Music in Durham

Musicon: The Clerks – Tales from Babel

The Clerks’ voting gadget

You don’t normally get handed an electronic gadget and a questionnaire when you settle down in your seat for a concert, nor do you get a data presentation straight after the interval. Last night’s Musicon event by The Clerks was concert, drama and scientific experiment all rolled into one gloriously entertaining whole. I’ve already written a bit about the science here in a concert preview (where you can also find a link to the project website) so I won’t repeat myself, except to say that the scientists working with The Clerks are studying how we process multiple strands of speech.

Most of the concert was made up of two works by Christopher Fox, and incorporated the “cocktail party problem” in a witty mixture of music and drama. In the first half, “Tales from Babel” the six characters, Roger, Frances, Matthew, Chloe, Harold and Patrick are at a garden party to celebrate the construction, not of the tower of Babel, but of Roger’s elaborate gazebo. The gazebo is hymned in mock solemnity with music based on Urbs beata Jerusalem but just as in the Old Testament Babel story, unity and harmony disintegrate into chaos and acrimony, particularly when the party, like all good middle-class parties, degenerates into drunken madrigal singing. A short prologue represented the singularity that existed before the Big Bang, before time, space and noise began, with eerie, discordant vocalisations on the musical scale degrees Si, Ut, La, Ri, Tee, and it also felt like an aural pallet-cleanser, cleaning stray junk noise from my head.

The first test was straightforward – the six characters introduced themselves in the style of personal ads, and we had to write down various details. The second was a harder version of one of the online tests – we had to identify the last word of sentences that were sung against varying backgrounds. This was where our handheld gadgets came in, and it meant that speech scientist Sarah Knight was able to present instant results to us, and explain what the tests involved. The ambient noise was either silence, a sshh sound, sung vowels, or spoken text, and further variations were introduced by changing the volume of the background and the predictability of the sentences.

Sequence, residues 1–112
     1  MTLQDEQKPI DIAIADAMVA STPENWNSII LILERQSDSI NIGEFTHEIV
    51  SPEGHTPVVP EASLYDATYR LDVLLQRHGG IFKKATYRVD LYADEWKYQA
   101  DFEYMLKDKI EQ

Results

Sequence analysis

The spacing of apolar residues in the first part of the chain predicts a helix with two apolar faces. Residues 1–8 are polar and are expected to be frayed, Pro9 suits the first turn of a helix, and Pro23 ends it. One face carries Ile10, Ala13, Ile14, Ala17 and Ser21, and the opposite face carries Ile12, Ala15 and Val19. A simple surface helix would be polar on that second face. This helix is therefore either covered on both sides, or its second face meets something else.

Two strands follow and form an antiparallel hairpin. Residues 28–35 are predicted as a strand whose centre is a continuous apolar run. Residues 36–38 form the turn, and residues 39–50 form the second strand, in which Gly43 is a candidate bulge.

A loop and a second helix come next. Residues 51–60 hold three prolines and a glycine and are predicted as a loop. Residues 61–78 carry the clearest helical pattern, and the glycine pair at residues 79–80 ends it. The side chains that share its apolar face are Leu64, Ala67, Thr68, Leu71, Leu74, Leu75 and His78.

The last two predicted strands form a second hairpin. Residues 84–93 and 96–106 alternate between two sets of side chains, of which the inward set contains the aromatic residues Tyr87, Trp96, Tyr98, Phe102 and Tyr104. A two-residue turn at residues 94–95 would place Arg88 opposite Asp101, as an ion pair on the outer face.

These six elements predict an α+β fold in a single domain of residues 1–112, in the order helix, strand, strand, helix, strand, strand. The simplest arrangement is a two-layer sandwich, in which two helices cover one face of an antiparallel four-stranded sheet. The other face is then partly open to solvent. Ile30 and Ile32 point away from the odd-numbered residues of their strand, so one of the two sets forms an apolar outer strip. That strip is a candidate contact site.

The Clerk’s interest in neuroscience came about because of the extensive use of simultaneous texts by medieval composers, and they combined this with another common medieval habit, the use of contrafacta – the creation of a new text for old music. After the Mass was a 14th century English piece with the text updated to modern English, and Lament on the death of Michael Jackson set new text to music lamenting the death of Machaut. Usually when I hear medieval polytextual music, it all washes over me, because the language is hard to follow anyway, but in the sharp focus of modern English, the music made me feel disoriented and even a little queasy as my brain tried to follow the two texts.

Roger go to yellow three… plays on the Brungart tests, designed for the US Air Force, in which the listener has to follow the instructions for one named person against a background of similar, conflicting instructions. There’s a straight example of the test on the website – and jolly tough it is too. The piece began with the six characters reading the test words, but it gradually falls apart, as the characters begin to become themselves, and spoken words become a sung babble of competing monologues. It required incredible discipline and musicality to pull off – not to mention the ability to do it all with a straight face. Eventually the characters realise that they’re part of an experiment and being observed, and turn their anger on us, the audience:

Look out there. The ears pricked, the eyes alert,
the pencil lead ready to tick and cross.
Pricks with ticks.
It’s the crossers I can’t bear.
Like flies stuck to the wall… with their own mucous
Devouring every word… with their own vomit
Get me some fly spray
Pass me the paper.
I’ll zap them.
I’ll splat them.
That’ll teach them.
That’ll learn them.
Swat them with copies of their smug questionnaires

Has an audience ever been treated with such contempt? I couldn’t stop laughing. (In case you’re thinking that I have unerring ability to identify text, I confess, the libretto, and a complete performance, are on the website).

It was brilliant, witty but not exactly easy on the ear, and I went home with a headache, but at least it was a headache acquired in an entertaining and interesting way. To soothe our troubled minds though, The Clerks ended the concert with a beautiful piece of Josquin, Consideres mes incessantes. As I listened to it, I found myself more attuned to the individual parts than I usually am when I’m listening polyphony; perhaps I should do Brangart tests before going to any concert.



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